Gus’s may be arriving a little late, but the devoted following its wings, sweet potato pie and sweet tea garner indicate it’s worth the wait. Just don’t mistake its crispy wings for Nashville Hot Chicken.
Gus’s version tones down the spice, using a hit of cayenne and other spices.
“It’s just enough kick to have you eat piece after piece,” Austin and Houston Gus’s owner Brad Blodgett tells PaperCity. “Sort of like a good queso.”
The recipe is proprietary to the extreme. “It’s a secret recipe,” Blodgett says. “I don’t even know what’s in it.”
There’s debate over whether it’s the exact same recipe created by Maggie Vanderbilt in 1953. Either way, it seems to have stayed a winner.
Its skin is a standout, too. Instead of “traditional flour, heavy batter,” Gus’s chicken has a crispy, crunchy skin not too far off from the Korean style.
Gus’s Tennessee Roots
Gus’s World Famous Fried Chicken may be Tennessee born-and-bred, but it’s become a fixture in Texas over the last few years. Blodgett brought the fried chicken to Austin in 2014. He had befriended someone with a franchise in Memphis and told her: “It blew me away. This would work in Austin.”
Austinites definitely agree. It was love at first bite, and now it’s migrated southeast.
Brad Blodgett and his wife always knew they wanted to expand to Houston. They spent 15 years living in the area. Their Gus’s fits in well in with its location.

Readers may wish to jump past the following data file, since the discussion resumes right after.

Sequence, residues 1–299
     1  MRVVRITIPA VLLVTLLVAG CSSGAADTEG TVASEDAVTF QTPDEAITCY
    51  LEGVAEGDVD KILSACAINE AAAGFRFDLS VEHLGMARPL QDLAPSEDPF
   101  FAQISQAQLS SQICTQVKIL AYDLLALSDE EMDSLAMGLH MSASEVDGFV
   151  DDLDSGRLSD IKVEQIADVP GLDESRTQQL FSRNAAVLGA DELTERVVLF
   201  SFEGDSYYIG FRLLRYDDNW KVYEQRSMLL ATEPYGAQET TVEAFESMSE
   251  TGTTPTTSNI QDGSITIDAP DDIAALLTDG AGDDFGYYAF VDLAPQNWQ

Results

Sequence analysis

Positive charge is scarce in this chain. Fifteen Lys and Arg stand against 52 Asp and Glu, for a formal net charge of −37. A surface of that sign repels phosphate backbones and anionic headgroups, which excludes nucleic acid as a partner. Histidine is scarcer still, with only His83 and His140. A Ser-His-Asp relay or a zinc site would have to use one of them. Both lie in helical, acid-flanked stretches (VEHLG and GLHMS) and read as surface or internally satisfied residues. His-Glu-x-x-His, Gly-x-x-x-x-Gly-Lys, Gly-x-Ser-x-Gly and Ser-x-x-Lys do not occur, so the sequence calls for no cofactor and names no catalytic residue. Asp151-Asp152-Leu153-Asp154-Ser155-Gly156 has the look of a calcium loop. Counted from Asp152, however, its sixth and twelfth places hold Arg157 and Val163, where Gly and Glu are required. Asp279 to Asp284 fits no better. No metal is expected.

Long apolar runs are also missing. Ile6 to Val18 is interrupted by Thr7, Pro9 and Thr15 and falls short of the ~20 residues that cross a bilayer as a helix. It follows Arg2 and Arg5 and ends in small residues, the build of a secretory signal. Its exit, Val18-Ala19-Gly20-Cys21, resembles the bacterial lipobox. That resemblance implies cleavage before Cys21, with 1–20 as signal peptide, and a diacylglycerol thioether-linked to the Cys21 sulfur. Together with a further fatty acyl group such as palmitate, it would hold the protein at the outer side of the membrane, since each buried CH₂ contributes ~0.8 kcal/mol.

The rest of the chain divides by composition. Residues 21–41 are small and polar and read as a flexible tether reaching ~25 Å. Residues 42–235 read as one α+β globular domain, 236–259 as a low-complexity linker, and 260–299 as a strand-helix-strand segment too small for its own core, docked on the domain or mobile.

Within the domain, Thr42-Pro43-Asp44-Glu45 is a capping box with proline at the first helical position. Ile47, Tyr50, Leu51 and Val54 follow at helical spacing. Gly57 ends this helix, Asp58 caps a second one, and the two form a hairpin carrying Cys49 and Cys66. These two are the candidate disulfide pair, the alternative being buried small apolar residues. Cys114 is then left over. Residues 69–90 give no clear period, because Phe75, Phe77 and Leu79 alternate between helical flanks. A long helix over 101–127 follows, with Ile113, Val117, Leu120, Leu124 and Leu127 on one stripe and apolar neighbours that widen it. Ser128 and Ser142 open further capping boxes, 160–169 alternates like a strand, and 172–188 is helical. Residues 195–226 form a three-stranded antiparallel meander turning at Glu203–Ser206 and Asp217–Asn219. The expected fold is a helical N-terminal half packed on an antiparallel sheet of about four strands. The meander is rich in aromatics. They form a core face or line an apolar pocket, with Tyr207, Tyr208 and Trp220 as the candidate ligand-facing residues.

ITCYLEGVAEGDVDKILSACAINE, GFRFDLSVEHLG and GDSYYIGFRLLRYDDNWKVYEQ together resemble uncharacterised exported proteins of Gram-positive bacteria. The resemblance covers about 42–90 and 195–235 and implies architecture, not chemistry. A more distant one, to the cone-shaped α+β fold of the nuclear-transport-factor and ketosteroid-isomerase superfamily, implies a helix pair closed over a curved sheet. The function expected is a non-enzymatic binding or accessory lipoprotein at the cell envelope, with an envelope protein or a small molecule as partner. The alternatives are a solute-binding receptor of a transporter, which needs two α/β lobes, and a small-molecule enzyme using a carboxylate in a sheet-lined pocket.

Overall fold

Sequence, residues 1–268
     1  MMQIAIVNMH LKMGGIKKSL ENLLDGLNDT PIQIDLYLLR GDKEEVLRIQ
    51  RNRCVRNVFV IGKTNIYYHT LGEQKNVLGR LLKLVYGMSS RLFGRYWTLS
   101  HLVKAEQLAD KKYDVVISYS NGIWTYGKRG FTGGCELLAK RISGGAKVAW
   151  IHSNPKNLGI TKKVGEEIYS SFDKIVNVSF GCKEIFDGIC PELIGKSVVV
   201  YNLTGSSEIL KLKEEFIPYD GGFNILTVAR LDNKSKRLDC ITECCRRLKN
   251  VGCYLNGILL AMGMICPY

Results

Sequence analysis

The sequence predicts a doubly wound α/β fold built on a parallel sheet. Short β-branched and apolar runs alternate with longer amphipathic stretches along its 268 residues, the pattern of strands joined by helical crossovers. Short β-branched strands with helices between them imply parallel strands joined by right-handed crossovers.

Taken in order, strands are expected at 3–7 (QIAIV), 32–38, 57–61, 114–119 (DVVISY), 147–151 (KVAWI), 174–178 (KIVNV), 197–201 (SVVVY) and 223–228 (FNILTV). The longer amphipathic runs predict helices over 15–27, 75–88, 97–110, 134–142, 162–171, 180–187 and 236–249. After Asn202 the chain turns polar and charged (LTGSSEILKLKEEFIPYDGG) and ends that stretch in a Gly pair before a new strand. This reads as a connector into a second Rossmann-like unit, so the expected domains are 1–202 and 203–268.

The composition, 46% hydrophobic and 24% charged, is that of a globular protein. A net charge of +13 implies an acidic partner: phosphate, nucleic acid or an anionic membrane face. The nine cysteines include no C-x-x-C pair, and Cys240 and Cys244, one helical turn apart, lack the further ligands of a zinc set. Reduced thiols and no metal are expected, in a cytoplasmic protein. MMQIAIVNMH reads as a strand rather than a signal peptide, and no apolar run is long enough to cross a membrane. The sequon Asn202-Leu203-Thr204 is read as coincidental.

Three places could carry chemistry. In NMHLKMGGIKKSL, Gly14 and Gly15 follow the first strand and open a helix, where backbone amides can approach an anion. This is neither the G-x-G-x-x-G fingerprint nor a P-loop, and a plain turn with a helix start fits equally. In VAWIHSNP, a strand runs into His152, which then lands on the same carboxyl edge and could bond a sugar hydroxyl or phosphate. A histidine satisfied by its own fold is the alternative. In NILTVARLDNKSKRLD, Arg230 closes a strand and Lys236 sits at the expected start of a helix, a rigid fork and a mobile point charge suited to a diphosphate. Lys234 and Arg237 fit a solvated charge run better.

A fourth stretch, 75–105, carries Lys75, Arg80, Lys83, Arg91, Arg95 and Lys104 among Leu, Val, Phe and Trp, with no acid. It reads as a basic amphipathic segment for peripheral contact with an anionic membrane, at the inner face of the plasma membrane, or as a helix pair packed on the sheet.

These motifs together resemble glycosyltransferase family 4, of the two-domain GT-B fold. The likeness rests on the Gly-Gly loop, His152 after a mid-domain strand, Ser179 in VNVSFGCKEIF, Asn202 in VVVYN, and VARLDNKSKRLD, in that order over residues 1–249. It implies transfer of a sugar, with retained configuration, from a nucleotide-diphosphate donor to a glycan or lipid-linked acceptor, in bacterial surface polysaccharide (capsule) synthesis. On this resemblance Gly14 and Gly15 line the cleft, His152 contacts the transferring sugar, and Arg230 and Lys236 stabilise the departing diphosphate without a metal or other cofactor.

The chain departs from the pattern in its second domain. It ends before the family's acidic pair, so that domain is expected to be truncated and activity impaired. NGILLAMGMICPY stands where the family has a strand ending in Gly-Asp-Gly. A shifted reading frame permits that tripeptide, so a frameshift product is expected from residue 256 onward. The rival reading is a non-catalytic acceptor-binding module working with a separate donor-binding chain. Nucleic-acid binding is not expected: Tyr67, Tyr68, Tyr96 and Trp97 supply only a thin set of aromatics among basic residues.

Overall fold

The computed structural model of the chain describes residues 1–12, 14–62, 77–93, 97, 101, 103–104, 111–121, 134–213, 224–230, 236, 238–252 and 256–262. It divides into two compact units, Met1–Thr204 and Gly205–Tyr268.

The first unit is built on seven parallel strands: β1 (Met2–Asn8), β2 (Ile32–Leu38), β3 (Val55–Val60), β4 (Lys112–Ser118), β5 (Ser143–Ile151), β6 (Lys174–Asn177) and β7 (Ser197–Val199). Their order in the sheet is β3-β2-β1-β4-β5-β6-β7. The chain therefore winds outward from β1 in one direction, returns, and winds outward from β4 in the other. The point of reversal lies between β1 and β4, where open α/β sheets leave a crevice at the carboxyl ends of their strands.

“There’s a little Austin corridor right there on Washington,” Blodgett says, noting that Austin transplants Tacodeli and Handle Bar will be his neighbors.
“It was always my experience that Houston tended to mirror the United States,” he says. “It’s such a big city, such a diverse crowd.” It’s also comfortable and “almost reminds me of the same kind of vibe that we grew up with in Memphis,” Blodgett adds.
The retired bond trader first enjoyed the Gus’s recipe in the small town of Mason, Tennessee, where it all began. When he took his first taste of what would become Gus’s goods, he hadn’t eaten fried chicken in seven or eight years.
It knocked his socks off. At first, he couldn’t believe it was as good as he imagined. “I thought ‘Oh, we drank a lot of beer, it can’t be that good.’ But every time we went back, it blew me away,” Blodgett says.